So many players. So many choices. With key decisions coming earlier every day.
The recruiting game has changed, and is changing still.
So how do Dabo Swinney and Jeff Scott decide who to pursue, with a future run down The Hill in mind?
Prospect evaluation is a multifaceted enterprise, but to Swinney's thinking, nothing is more important than the opinion of a player's future position coach.
"I think if you're a good football coach, you know your position and you know what it takes," Swinney said. "I want a position coach to stand on the table for his guy, because he's the one who's going to be accountable, ultimately, for who he brings in here. I want him to really own his position and be confident about it.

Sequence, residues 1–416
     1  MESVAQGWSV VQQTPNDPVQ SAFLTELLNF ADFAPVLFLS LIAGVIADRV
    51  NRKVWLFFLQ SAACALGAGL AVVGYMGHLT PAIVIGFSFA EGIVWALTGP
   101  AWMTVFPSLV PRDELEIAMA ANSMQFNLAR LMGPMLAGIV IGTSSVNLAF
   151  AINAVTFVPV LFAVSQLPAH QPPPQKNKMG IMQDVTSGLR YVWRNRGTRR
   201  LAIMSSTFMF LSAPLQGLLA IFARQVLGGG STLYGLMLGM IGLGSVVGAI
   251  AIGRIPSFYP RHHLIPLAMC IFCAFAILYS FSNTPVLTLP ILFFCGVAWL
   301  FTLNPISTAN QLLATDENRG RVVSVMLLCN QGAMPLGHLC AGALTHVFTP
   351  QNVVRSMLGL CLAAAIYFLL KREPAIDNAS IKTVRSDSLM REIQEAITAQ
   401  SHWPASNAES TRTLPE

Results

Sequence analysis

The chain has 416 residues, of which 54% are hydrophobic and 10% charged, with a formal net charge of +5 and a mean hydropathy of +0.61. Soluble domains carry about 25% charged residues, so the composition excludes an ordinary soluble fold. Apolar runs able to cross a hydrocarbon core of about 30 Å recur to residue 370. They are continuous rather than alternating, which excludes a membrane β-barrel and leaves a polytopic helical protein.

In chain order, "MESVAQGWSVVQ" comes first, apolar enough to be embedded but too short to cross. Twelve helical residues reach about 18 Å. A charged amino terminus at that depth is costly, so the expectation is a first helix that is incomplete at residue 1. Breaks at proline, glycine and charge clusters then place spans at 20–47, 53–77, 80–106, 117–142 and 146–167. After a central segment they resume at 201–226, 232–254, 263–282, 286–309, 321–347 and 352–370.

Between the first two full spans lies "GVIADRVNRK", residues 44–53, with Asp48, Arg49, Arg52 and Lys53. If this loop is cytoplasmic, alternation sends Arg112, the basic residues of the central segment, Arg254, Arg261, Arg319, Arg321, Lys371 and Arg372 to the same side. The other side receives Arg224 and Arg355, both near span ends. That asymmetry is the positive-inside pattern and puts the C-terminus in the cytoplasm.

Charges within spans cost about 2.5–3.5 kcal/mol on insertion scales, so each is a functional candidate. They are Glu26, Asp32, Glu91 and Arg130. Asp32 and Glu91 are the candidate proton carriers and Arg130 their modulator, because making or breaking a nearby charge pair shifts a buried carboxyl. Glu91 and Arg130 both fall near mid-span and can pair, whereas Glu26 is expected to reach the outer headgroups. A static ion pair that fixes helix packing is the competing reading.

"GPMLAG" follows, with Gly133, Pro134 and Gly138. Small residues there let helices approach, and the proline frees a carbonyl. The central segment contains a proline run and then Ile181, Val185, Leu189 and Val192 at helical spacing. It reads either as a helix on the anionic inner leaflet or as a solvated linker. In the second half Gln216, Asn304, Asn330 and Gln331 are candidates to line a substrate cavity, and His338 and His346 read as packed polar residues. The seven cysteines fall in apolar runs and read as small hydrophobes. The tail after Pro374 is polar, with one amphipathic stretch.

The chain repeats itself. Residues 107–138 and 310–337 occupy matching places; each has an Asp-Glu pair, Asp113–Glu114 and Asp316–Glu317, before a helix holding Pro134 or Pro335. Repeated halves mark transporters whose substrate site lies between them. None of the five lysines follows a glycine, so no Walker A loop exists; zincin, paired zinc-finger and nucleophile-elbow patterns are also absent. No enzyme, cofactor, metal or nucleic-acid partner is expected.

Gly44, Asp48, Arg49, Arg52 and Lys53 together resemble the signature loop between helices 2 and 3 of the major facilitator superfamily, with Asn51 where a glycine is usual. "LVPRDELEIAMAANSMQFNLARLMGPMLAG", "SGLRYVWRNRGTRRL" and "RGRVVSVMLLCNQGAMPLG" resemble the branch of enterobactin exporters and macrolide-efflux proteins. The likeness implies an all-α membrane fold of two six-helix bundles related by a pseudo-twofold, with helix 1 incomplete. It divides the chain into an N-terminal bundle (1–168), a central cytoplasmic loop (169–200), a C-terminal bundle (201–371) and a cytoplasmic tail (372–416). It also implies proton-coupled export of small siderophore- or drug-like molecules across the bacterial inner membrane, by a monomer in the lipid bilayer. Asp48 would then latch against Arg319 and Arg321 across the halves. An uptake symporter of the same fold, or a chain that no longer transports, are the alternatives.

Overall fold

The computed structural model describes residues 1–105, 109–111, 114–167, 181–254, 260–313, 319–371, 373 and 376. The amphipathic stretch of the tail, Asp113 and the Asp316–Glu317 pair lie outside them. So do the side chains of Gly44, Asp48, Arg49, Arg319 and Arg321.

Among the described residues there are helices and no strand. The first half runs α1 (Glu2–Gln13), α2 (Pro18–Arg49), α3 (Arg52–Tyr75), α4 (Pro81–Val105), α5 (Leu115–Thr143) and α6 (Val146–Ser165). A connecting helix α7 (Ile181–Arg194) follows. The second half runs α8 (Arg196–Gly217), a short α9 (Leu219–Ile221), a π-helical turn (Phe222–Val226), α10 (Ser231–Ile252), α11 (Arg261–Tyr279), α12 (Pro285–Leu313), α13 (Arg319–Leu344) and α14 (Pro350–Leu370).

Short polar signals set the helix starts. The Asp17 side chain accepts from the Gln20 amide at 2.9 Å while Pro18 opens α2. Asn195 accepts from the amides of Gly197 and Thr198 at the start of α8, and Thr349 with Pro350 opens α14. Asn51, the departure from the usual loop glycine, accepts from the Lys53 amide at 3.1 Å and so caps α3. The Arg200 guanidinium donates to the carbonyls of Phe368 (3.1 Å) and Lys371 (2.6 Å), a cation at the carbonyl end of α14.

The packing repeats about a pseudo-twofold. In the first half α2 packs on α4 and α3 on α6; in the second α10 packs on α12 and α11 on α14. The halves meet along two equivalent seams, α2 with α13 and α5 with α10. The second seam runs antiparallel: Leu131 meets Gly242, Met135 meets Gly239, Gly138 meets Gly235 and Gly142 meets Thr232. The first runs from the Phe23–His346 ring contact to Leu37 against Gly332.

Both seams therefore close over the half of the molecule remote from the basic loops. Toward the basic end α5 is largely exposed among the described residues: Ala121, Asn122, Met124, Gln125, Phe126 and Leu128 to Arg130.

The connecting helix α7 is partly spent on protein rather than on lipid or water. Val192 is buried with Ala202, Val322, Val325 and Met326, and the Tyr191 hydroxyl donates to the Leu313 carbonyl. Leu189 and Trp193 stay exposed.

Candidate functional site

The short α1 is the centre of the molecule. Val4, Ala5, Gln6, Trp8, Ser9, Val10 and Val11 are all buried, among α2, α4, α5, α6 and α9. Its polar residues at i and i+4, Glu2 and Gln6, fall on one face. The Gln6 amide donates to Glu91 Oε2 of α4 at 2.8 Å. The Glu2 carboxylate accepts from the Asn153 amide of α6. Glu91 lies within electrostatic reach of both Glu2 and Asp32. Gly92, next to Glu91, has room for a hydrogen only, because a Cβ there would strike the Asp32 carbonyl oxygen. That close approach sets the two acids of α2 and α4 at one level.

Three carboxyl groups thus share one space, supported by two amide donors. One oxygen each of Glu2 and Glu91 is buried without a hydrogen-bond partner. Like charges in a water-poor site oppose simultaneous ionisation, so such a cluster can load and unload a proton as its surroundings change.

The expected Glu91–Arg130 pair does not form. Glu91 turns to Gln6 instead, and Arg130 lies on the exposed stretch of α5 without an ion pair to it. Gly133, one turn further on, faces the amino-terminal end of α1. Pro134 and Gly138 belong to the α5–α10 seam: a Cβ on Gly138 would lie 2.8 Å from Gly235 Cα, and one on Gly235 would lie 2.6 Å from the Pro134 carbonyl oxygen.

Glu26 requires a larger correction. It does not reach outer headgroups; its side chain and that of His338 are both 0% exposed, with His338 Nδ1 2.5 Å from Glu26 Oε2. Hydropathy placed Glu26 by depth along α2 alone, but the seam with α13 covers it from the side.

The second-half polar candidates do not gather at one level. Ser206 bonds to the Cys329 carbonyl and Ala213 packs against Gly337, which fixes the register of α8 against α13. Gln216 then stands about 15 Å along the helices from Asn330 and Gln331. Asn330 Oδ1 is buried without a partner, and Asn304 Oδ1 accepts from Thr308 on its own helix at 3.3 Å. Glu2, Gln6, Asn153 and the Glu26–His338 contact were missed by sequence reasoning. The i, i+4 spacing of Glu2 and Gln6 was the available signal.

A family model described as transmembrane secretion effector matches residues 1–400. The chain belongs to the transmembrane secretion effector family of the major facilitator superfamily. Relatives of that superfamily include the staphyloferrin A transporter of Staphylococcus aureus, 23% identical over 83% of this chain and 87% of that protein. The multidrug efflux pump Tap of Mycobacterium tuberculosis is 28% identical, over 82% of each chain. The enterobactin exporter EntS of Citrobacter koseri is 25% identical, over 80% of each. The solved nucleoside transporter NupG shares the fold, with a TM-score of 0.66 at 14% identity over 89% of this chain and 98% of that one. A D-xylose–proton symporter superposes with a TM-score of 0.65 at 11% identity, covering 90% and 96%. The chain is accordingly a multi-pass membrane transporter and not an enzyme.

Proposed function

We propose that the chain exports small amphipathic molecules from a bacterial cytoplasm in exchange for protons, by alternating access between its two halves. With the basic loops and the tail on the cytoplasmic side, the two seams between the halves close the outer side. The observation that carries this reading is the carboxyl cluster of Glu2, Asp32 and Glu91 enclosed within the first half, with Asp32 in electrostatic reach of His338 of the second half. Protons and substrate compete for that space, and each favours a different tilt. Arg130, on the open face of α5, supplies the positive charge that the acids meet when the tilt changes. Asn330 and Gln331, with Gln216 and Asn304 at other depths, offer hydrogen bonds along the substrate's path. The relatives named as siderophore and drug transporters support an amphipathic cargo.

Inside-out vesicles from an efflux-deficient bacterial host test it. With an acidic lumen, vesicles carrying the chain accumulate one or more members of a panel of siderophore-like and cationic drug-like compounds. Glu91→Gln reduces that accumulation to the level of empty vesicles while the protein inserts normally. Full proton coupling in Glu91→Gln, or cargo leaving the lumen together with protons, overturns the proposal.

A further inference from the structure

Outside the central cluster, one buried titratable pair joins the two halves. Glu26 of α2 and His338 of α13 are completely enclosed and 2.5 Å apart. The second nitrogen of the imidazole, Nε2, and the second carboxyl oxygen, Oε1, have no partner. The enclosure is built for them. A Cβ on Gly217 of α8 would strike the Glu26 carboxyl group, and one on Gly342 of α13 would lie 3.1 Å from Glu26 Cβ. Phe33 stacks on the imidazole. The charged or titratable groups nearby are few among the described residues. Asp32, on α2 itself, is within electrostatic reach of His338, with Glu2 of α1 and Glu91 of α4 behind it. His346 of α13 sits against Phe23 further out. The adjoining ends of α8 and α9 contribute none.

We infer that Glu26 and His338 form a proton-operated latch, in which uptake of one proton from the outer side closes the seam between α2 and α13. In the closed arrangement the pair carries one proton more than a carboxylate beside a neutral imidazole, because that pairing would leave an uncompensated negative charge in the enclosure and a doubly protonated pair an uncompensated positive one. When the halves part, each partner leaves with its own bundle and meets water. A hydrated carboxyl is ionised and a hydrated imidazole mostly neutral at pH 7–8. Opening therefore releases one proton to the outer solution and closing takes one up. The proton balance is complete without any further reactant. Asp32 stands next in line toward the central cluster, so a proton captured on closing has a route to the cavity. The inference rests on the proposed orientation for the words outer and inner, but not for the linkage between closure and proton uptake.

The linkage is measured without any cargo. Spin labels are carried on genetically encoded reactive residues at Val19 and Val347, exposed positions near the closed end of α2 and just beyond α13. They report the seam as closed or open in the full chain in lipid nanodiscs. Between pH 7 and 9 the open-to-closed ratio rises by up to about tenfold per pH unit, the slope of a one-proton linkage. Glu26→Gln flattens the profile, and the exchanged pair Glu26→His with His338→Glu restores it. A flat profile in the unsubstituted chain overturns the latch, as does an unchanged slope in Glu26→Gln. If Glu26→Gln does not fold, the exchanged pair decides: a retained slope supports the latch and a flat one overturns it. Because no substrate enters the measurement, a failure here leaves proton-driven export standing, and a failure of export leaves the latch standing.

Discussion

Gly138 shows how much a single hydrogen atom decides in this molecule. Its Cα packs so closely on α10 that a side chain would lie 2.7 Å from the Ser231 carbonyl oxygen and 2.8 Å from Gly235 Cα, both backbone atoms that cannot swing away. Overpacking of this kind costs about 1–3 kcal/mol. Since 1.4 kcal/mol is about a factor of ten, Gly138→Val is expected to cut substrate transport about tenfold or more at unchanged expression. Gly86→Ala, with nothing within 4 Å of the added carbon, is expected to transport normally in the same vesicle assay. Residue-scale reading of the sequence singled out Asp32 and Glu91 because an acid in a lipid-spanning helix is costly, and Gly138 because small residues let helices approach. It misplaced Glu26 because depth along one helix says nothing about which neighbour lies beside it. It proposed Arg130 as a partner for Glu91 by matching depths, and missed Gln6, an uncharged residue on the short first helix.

"And then we have checks and balances in place."
Swinney says he balances the evaulations made by his assistant coaches with big-picture intangibles, which is something he learned from his college coach, Gene Stallings.
"Coach Stallings was much more interested in the intangibles - their toughness and their love and desire to play and work. All those things. Because there are a lot of good players.
"We have a list of those kinds of questions that I want answered as we go through the process and try to make a decision. It's not an exact science. We all make mistakes."
There are inevitably surprises, on both sides of the ledger.
"There have been guys who I've said 'there's just no way this guy's not going to be a great player.' And then, you just don't know what happens," said Swinney. "All of sudden, he doesn't want to go to class or do this or that. And I've seen guys who I've said 'there's no way - he don't care.' And then all of a sudden something clicks and they commit, and you look up two years later and he's a great player.
"There's just a lot goes into it. And it's all based on a projection. But it starts in knowing what you're looking for and believing in what you're looking for."